Last week I was telling you how I almost puked in mid-air because of motion sickness. Well, I didn’t know that paragliding would do that to me, otherwise I would have tried to use one of my tricks. Because, when you travel as much as I do, and when you tend to feel motion sickness as much as I do, you do need a few tricks to manage it.
That might be the most ungracious start to any of my posts, but it’s a thing many of us have to deal with, and although it feels a bit lame to be “the traveler with travel sickness”, it’s even worse to be “the traveler that stopped the bus to vomit with a view on the Alps”.
Luckily, I now have many tricks to control motion sickness, and it’s now been years since I last felt sick, paragliding aside.
First thing first : what is motion sickness?
Basically, it’s your eyes seeing something still (the inside of the car for example), while your sense of equilibrium (defined by the liquid in your ears) registers that you’re moving around. The two of them sending different infos to the brain makes you sick.
What you should not do
It might seem like common sense, but here are a few things that it’s better to avoid : a huge meal, heavy or greasy food, alcohol in the last 24H, reading or watching a movie (your eyes are even more focused on stillness then). The worst : thinking or talking about motion sickness. Just writing this post is making me feel dizzy, it would be terrible if I were in a car right now (I’m making myself sick for you, I’m the most dedicated blogger ever or what?).
What you should do
Along with keeping hydrated and eating reasonable amounts of food, there’s a few things that you can do to reduce motion sickness.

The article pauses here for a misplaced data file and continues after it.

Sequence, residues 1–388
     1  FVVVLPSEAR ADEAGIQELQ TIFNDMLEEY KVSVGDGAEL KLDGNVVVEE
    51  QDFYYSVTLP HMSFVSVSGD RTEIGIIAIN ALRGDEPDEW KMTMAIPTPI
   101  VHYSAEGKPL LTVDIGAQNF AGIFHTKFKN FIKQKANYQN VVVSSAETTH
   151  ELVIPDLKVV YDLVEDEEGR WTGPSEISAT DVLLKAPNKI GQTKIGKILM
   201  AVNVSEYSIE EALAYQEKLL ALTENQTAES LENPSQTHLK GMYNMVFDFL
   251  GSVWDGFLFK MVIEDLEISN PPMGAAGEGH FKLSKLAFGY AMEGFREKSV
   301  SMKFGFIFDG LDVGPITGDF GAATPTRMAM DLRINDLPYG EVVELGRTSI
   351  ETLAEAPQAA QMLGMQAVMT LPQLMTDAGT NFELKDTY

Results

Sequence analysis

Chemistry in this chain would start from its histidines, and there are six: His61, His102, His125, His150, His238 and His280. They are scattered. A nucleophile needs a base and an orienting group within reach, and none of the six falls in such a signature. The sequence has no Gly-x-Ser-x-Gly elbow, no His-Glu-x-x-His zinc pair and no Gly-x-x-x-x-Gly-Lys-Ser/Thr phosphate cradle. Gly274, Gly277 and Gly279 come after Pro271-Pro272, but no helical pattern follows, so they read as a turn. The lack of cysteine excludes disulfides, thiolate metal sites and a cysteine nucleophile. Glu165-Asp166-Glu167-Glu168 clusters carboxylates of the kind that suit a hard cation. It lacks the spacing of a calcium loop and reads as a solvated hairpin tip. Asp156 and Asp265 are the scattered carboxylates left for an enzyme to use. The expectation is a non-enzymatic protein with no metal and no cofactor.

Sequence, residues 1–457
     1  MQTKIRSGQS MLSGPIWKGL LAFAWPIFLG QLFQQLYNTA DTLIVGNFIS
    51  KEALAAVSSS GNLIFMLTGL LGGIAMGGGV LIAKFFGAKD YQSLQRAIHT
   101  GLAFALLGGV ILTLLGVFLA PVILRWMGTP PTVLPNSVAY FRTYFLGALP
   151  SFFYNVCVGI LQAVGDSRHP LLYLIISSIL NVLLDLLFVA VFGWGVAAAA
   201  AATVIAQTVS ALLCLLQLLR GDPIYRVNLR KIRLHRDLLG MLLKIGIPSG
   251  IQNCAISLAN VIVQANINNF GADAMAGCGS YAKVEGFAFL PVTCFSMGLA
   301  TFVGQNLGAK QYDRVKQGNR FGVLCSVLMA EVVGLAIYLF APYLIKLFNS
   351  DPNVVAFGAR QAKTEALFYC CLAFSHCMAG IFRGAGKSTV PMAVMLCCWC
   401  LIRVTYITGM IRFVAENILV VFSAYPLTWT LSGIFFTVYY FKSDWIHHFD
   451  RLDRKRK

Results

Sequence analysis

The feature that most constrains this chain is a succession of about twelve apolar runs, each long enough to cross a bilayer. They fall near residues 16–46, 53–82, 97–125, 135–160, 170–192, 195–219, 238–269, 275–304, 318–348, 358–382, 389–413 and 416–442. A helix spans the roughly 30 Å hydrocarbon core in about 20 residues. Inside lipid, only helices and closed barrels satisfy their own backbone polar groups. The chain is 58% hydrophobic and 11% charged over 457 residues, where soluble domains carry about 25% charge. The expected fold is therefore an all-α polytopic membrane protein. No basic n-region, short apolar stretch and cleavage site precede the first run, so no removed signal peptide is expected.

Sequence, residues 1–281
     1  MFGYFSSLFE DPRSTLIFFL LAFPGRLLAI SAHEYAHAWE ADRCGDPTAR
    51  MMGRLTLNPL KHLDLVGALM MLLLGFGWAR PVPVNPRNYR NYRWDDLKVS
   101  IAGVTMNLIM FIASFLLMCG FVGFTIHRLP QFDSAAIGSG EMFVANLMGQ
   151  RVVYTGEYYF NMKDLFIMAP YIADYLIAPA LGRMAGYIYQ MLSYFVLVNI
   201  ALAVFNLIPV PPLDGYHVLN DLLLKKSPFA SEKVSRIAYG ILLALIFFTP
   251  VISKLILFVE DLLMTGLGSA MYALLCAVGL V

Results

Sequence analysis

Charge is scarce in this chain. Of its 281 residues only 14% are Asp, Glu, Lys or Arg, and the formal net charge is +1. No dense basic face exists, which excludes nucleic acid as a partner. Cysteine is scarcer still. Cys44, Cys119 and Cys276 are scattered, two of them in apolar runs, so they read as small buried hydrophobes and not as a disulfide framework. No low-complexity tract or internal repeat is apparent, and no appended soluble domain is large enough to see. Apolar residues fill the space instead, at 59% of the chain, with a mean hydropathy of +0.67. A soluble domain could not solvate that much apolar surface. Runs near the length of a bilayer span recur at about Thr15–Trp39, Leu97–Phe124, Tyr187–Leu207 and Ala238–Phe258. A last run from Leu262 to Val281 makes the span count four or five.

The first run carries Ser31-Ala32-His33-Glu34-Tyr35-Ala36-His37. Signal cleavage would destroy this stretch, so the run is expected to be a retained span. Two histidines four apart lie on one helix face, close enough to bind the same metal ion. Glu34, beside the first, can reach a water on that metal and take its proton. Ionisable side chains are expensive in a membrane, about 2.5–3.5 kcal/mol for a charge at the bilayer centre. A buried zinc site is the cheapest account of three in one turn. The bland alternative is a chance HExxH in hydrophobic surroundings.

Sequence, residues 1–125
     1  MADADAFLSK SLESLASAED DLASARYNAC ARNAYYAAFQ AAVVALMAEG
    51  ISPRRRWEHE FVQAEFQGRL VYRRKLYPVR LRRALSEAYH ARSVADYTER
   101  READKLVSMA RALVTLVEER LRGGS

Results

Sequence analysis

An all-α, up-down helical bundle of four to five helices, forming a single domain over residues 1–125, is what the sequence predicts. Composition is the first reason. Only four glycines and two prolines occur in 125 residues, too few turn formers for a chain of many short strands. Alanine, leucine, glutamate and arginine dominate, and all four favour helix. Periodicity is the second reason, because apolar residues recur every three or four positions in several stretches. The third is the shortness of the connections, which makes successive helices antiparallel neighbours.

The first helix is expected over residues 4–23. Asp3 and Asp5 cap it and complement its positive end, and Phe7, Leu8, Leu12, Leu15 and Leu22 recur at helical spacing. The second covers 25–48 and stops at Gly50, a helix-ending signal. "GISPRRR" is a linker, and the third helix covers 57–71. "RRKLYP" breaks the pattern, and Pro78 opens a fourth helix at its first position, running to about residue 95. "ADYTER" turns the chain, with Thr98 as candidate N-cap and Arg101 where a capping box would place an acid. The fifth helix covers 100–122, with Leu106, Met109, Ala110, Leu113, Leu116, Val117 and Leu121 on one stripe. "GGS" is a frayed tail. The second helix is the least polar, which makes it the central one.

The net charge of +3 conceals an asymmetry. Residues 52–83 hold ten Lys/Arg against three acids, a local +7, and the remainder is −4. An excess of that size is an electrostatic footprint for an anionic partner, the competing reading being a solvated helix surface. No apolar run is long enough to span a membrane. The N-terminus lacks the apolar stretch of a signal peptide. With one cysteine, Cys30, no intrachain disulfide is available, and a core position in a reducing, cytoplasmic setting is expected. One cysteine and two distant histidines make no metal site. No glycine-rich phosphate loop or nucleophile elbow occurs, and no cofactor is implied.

First, try to take a seat facing forward and near the window, whatever the mode of transportation. If you know you tend to feel sick in an airplane, ask for a window seat situated over the wings, that’s where you’ll feel the least motion. In a car or a bus, take a seat as near to the front as possible. In a boat, cabins at the center of the ship and on the lowest levels are the best.
Rather than looking inside the vehicle, look at the road outside. When I’m on an especially bad road, like a mountain road, I keep a constant discourse in my head like “Now we’re going to turn left, heeere we go, and now very soon a sharp right, and theeeere we are, …”. It might be weird, and I definitely advise you against doing that out loud, but believe me it really helps, because it’s actually helping the brain figure out what’s happening, and it’s keeping you focused and calm.
If you start feeling sick, you can crack open the window (hm, except in an airplane) to get some fresh air. Take deep breaths, try to meditate. Don’t give in to thinking “I’m feeling sick, I’m going to be sick”, that’s the best way to actually get sick.
Finally, if you’re one of those people able to sleep like a baby even inside a bus, put on some music and try to take a nap, that might be the easiest way out.
When it gets really bad, some medications exist to relieve you. I’m not a doctor, so I’m definitely not going to advise anything, not even sleeping pills. I don’t like taking medication so I’ve never tried anything since I was a kid, and I don’t remember them being very efficient.
On the other hand, I discovered a natural remedy that worked great: meet my best friends, the Sea-Band Wristband!
You put one on each wrists, and the little button inside works like acupressure on a specific point, and in half an hour, voilà! No more nausea. With them, I made a 14 hours bus journey through the mountains of the north of India, at the back of a rickety bus full of people, on terribly bumpy, winding roads, where the woman in front of me got sick and puked in a bag halfway through. And by wearing the wristbands plus doing all the things I mentioned above, I didn’t feel anything, which was a real victory for me.
And if you still get sick despite all of this, well, look on the bright side … at least you’re traveling!
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